COVID-19’s Impact on Quarterly Earnings

A Mosaic of Printing & Imaging Vendors

06/04/2020

 

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As the earnings season winds down, Keypoint Intelligence reviewed a selection of quarterly earnings announcements to measure COVID-19’s impact on printing and imaging manufacturers over the first four months of 2020. The picture is not pretty—especially when considering that the arrival of the coronavirus was not felt in earnest until March. As businesses shuttered, people hunkered down in their homes to self-distance, and economies suffered severe economic slowdowns, nearly all aspects of manufacturers’ business models were impacted. Revenues for Canon, HP, Konica Minolta, Ricoh, and Xerox declined, succumbing to the global response to the pandemic. Operating margins for most were also compressed significantly.

 

A selection of manufacturers’ quarterly financial announcements

 

One common theme when looking at all the vendors is that hardware sales were impacted more than consumables. This is because the impact of COVID-19 was initially felt in March, which is at the end of the quarter for all but HP, and this is typically the highest volume of hardware sales in a quarter. Additionally, some vendors experienced supply chain disruptions. Canon had production delays in manufacturing sites in Asia. HP also experienced supply chain disruptions early in the year—first in China and then in other parts of Southeast Asia (the company was back to nearly full capacity by May). Another significant factor impacting equipment sales was the cancelling or postponement of tradeshows and events. Additionally, the indirect office equipment dealer channel scaled back their purchases as they struggled to manage their cash positions. As an example of how rapidly the tides turned, Ricoh’s MFP unit sales were up 4% as of February, but they declined 18% in March.

 

For all vendors, print volumes were severely impacted in March. For example, Konica Minolta’s print volumes declined approximately 70% in the EMEA and the US. HP noted that managed print services revenues in the office declined 40% year over year, and Indigo press print volumes (which were up 9% in February) had declined 20% in April. Xerox experienced a 50% decline in page volumes in March.

 

Measuring COVID-19’s impact on quarterly performances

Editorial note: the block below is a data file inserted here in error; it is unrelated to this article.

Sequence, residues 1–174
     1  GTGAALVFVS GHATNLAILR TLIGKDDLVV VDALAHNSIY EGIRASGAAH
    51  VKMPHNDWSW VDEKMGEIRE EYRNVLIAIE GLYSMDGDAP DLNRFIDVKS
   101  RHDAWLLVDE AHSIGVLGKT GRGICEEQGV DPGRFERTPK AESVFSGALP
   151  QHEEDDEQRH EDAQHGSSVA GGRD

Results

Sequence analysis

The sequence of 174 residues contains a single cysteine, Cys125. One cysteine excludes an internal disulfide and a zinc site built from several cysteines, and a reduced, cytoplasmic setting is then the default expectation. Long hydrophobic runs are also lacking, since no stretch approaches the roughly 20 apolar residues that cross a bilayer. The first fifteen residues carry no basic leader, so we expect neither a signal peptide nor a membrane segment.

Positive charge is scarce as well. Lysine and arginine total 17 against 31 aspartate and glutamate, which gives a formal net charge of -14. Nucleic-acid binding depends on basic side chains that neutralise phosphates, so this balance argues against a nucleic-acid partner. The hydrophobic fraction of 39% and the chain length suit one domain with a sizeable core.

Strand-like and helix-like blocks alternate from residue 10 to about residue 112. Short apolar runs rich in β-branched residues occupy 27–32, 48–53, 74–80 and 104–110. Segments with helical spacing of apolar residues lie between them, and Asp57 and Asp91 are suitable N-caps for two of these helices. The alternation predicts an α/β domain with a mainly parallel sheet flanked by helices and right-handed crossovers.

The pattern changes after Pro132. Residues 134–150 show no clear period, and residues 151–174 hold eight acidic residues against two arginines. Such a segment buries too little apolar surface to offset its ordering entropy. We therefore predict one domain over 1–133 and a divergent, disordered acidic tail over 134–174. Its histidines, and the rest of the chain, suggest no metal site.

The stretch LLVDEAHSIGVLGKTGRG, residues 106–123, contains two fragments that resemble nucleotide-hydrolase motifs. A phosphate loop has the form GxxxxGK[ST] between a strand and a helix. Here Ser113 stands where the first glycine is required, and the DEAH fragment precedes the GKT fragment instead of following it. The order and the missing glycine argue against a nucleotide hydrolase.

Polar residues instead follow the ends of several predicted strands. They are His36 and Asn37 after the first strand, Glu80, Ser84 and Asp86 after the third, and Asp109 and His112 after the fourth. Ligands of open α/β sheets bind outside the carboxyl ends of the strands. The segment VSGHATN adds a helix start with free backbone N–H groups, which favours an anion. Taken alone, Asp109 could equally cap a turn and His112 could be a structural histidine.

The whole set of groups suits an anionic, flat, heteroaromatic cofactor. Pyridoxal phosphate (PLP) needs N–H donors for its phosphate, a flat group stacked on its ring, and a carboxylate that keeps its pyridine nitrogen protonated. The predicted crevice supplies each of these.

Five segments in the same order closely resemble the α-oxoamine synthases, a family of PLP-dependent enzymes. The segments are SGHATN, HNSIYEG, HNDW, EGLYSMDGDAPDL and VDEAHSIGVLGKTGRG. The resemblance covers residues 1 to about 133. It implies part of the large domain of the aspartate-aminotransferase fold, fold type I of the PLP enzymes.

On a more positive note, the consumer segment was not as severely impacted as commercial segments. HP did see a 16% decline in hardware units—partially due to supply chain challenges—but this is far less than the 25% decline in commercial hardware unit sales. Important drivers for consumer demand was remote learning and the new work-at-home paradigm. These factors drove increased demand for HP’s Instant Ink subscription print program, which had 7 million subscribers in April (up from 6 million in February). Canon’s inkjet revenues increased 5% year over year.

 

Looking ahead, all five of these vendors warned that the current quarter will be worse. This is because COVID-19’s impact will be felt across the entire quarter. Hardware, supplies, and services-related revenues will all be significantly impacted. Specifics on forward looking guidance was tempered or pulled altogether. However, the general expectation is this quarter will be the worst of it. As economies re-open, a gradual recovery will begin in Q3 and business will approach more normal conditions in Q4. It would seem the US stock market agrees with this assessment (for the moment anyway) given its performance as of late. But is it a “V-shaped” recovery or a narrow “U-shaped” recovery? We will let economists argue over that. (I suspect we will be on the other side of this crises by the time they are finished debating the issue.) Regardless, let’s hope these expectations are realized.

 

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